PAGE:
Viral genome circularization

Circularization of infecting DNA within the host cell is a rather common amongst bacterial viruses to protect the viral genome ends from nucleases, to convert the linear genome to an integrative precursor or to give rise to the replicative form of the genome.
Circularization, also known as cyclization, can be mediated by covalent closure of the DNA "sticky" ends, recombinaison between redundant terminal sequences or via the binding of a protein at the viral DNA extremities.

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Virus Family Circularization mechanism Viral proteinRef.
Phage Mu Myoviridae Circularization protein (non-covalent) Protein N
Phage lambda Siphoviridae Cohesive (sticky) ends -
Phage P22 Podoviridae Recombinaison -
Phage P1 Myoviridae Recombinaison Cre
Phage N15 Siphoviridae Cohesive (sticky) ends -

Matching UniProtKB/Swiss-Prot entries

6 entries grouped by strain (browse by keywords)

1 entry

Enterobacteria phage GA (Bacteriophage GA) reference strain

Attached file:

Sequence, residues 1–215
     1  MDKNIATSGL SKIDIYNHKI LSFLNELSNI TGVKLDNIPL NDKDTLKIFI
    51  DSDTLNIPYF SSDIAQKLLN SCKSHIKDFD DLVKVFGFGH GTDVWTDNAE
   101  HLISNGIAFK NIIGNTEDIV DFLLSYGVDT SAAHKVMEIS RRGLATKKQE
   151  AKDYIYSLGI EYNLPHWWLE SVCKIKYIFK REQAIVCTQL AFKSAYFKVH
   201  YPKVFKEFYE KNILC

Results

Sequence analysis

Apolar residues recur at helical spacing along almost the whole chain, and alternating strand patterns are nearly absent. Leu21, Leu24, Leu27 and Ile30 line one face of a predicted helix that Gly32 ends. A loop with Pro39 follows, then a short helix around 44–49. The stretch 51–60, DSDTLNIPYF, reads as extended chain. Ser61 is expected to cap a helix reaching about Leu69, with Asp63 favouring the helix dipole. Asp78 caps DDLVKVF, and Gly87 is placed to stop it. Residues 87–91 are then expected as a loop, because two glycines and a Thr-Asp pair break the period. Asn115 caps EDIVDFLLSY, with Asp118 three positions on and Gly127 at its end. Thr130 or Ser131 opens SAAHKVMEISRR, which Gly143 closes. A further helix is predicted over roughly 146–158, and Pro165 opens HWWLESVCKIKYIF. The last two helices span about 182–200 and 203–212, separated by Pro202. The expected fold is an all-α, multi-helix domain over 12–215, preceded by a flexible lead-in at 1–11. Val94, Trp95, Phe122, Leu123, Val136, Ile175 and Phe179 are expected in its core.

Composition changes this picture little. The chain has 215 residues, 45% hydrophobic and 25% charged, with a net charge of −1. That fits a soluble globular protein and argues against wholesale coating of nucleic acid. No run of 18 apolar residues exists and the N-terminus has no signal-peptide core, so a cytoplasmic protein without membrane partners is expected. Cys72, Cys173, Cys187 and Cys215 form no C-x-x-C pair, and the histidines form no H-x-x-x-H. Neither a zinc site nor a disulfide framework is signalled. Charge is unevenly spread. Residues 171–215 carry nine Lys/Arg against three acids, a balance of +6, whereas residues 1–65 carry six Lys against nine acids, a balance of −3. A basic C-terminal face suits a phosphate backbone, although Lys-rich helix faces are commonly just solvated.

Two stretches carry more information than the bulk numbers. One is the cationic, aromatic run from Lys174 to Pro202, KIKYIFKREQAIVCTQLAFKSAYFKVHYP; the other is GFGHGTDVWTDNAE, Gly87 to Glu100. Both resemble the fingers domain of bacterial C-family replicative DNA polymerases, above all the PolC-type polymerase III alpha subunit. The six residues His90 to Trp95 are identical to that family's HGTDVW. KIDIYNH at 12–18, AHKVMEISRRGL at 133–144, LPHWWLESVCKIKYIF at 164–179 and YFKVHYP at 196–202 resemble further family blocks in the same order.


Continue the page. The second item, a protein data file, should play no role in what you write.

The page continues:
MATA_BPGA Maturation protein A (MP) (Assembly protein) (A protein)

1 entry

Escherichia phage MS2 (Bacteriophage MS2) reference strain

MATA_BPMS2 Maturation protein A (MP) (Assembly protein) (A protein)

1 entry

Escherichia phage Mu (Bacteriophage Mu) reference strain

CIRCN_BPMU DNA circularization protein N (64 kDa virion protein) (Gene product 43) (gp43) (Gene product N) ...

1 entry

Mycobacterium phage Corndog (Mycobacteriophage Corndog) reference strain

KU_BPMCO Protein Ku (Cd-Ku) (Gp87)

1 entry

Mycobacterium phage Omega (Mycobacteriophage Omega) reference strain

KU_BPMOM Protein Ku (Gp206) (Omega-Ku)

1 entry

Enterobacteria phage fr (Bacteriophage fr)

MATA_BPFR Maturation protein A (MP) (Assembly protein) (A protein)